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Agatha Christie’s Most Memorable Unlikeable Characters


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In crime fiction, there is always a victim. Someone is murdered or a body is found, and the police are called in to investigate. The murder victim generally leaves behind loved ones who mourn them. They want the crime solved, and the culprit brought to justice. On the other hand, someone wanted the victim dead, so chances are they weren’t all sweetness and light.
That’s the line mystery writers walk. We generally want a victim sympathetic enough to make readers want to see justice served, but they also have to believe the victim did something bad enough to move the villain to murder. Generally. Once in a while you find a victim who lived their life in such a way that they are mourned by none. No one is calling for justice, and some are figuratively dancing on their graves. Including the readers.

That’s the kind of victim I have in A Bride’s Guide to Marriage and Murder—a man so reprehensible, those left behind want nothing more than to give the culprit a round of applause. Everyone he knew had a reason to want him dead, but which one actually did it? While writing this book, I looked for other mysteries with memorable, unlikable victims. I kept coming up with Agatha Christie’s titles. So, what follows is a list of Agatha Christie’s most unlikable victims, who had it coming.

It would be hard to come up with a single redeeming quality among these victims. They had to go. But who in each of their circles finally snapped? And how did they do it? You’ll have to read the books to find out. And I highly recommend that you do.

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Simeon Lee from Hercule Poirot’s Christmas

Every member of his family has reason to hate Simeon Lee, its elderly, tyrannical multi-millionaire patriarch. His open cheating on his wife broke her spirit and turned at least one of his children against him. The others he brow-beats and controls. He unexpectedly calls them all home for Christmas. Once they’re gathered, his vicious nature surfaces, and he announces his intention to change his will. Unsurprisingly, his murder soon follows. After a collective sigh of relief, the houseguests eye each other with suspicion. One of them must be the murderer.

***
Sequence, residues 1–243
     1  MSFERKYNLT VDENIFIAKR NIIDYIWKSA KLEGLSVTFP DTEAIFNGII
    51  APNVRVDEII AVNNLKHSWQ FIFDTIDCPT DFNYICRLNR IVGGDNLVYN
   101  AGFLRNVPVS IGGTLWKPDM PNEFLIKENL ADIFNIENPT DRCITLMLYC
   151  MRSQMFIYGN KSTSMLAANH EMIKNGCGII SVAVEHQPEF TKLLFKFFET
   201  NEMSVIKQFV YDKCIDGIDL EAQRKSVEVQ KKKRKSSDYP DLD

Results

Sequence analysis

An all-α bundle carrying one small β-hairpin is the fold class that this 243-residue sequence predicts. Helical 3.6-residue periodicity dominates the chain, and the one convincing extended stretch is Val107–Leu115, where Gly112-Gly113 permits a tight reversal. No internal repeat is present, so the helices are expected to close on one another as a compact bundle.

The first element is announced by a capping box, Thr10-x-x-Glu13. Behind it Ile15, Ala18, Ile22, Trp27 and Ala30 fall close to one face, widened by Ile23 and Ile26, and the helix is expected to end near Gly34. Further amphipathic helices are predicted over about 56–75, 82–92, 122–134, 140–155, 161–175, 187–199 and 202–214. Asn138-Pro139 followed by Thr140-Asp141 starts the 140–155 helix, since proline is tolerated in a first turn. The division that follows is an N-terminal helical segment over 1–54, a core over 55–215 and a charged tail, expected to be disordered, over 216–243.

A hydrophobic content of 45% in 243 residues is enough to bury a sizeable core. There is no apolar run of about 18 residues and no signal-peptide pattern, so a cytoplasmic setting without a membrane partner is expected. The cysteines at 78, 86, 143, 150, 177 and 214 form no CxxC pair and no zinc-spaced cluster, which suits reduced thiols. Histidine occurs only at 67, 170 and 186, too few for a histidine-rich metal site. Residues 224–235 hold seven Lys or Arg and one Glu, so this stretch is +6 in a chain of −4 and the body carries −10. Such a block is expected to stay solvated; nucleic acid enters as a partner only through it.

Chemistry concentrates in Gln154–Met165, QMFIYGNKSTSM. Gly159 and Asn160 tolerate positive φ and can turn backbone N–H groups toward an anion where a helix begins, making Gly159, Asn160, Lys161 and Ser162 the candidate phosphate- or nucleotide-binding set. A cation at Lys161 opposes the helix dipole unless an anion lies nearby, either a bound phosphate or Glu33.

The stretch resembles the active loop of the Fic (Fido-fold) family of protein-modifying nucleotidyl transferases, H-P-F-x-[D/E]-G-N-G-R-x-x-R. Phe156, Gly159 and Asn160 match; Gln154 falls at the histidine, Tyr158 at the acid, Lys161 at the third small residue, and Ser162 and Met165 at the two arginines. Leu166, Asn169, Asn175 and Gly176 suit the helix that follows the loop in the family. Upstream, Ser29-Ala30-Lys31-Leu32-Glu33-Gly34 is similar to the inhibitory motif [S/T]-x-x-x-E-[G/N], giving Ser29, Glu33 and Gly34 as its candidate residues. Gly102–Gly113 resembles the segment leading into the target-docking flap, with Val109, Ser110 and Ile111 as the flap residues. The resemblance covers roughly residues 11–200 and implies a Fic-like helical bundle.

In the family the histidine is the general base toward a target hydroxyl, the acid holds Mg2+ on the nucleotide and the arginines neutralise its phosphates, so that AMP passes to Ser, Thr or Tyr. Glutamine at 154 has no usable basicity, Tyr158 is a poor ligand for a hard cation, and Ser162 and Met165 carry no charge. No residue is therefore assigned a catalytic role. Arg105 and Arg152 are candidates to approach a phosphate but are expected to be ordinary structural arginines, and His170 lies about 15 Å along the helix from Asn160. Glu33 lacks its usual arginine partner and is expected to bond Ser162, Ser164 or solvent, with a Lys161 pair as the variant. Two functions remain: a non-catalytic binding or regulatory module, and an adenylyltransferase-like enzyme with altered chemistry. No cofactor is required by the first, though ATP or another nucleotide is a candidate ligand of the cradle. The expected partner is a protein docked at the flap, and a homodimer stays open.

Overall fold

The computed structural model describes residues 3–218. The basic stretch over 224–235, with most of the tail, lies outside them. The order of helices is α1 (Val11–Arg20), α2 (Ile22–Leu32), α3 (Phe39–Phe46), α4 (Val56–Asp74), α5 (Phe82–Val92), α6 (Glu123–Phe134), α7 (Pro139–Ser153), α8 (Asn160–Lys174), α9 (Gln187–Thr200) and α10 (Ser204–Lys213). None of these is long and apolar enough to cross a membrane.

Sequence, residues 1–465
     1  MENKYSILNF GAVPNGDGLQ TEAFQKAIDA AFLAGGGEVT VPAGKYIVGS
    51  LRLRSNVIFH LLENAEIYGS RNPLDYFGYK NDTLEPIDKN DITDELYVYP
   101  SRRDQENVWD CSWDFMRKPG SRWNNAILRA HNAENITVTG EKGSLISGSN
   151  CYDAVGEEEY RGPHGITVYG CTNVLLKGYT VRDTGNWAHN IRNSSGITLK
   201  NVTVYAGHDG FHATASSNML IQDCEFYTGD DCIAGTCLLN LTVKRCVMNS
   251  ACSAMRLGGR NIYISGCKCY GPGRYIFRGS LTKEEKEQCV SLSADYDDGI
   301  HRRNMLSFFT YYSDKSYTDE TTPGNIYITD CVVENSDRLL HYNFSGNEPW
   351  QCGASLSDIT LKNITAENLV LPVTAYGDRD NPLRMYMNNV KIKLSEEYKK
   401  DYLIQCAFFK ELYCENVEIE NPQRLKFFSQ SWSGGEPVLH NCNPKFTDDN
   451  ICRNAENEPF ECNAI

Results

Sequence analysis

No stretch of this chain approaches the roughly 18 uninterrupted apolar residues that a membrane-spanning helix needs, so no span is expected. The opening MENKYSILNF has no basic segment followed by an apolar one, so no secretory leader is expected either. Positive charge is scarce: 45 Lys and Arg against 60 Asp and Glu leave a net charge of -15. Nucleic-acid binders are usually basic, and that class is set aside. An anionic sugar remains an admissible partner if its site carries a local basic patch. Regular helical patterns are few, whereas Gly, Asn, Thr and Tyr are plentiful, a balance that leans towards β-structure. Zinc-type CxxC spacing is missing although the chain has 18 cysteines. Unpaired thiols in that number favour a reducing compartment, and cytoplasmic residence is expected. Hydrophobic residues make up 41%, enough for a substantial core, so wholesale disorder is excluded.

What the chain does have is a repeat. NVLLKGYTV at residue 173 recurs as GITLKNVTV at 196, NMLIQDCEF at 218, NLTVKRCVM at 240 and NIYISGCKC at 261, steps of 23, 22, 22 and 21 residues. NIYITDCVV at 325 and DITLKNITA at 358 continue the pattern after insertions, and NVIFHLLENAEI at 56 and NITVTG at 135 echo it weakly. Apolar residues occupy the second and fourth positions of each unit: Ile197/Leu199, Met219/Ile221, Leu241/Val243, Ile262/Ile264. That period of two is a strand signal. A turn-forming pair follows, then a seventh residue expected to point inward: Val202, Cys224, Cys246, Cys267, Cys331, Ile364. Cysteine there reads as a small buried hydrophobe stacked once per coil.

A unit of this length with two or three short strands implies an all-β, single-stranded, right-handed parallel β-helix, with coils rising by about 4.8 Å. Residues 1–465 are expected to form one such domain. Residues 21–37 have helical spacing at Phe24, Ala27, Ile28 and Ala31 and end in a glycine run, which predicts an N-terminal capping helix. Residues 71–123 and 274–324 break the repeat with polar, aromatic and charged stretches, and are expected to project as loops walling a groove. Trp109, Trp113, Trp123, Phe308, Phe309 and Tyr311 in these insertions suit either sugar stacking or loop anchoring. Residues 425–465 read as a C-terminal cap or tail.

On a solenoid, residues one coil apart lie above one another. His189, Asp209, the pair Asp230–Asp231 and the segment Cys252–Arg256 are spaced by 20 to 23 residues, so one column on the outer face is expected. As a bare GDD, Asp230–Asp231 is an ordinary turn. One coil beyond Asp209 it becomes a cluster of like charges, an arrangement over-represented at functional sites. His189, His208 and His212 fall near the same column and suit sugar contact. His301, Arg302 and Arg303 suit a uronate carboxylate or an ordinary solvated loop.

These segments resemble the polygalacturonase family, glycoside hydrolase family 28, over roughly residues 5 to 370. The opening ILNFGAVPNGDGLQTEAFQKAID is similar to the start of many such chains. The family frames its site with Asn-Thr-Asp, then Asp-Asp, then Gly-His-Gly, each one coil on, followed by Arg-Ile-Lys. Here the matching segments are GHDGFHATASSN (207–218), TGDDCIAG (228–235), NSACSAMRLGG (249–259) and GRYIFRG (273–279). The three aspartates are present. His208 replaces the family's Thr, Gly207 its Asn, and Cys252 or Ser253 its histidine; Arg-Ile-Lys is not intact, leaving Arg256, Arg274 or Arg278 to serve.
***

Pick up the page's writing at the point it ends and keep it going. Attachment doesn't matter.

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Aristide Leonides from Crooked House

One of my favorite Christie mysteries features another overbearing patriarch meeting a bad end. Though this is a pretty twisted family to begin with—all living under the same roof, by the way—Aristide knows how to pull their strings and push their buttons as he plays each family member against the other. He has all the control, and his adult children clearly resent him for it. When he’s murdered, even his second wife isn’t sorry to see him go—until everyone learns he gave control of his fortune to his granddaughter. Still playing one off the other right to the end.

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Mr. Shaitana from Cards on the Table

Shaitaan is Hindi for devil or evil. I’m sure it was no coincidence that Christie devised the name Shaitana for this victim. He’s a wealthy collector who exudes a creepy, sinister aura. He’s flamboyant, social, and completely amoral. When he tells Poirot about his collection of murderers, he explains, “Murder can be an art. Murderers can be artists.”

Everyone is careful while around Shaitana, as if they’re defusing a bomb. Anne Meredith, a member of Shaitana’s collection, puts it best. “There’s always something a little frightening about him, I think,” she tells Poirot. “You never know what would strike him as amusing. It might—it might be something cruel.” It is definitely something cruel.

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Samuel Edward Ratchett from Murder on the Orient Express

Samuel Ratchett, aka Lanfranco Cassetti, destroyed countless lives and did some awful things in his former career. Aboard the train, he recognizes Poirot and approaches him. He says he’s received death threats and asks for protection. Poirot, instinctively repulsed by the man, refuses. Ratchett, of course, is murdered. No one is bereft, and there is nothing more I can say without spoiling the book.

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Mrs. Boynton from Appointment with Death

I just realized there weren’t many women in this category, but Mrs. Boynton more than makes up for any lack of quantity with pure vileness. This time Christie created a tyrannical matriarch. Her family includes a daughter and three stepchildren, one of whom refers to her as “a mad dog—something that’s doing harm in the world and must be stopped.” This mother is so loathed that several members of her family discover her body, but thinking another family member probably killed her, just walk on by, failing to report it to the authorities. That’s bad.

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Michael Neff
Algonkian Producer
New York Pitch Director
Author, Development Exec, Editor

We are the makers of novels, and we are the dreamers of dreams.

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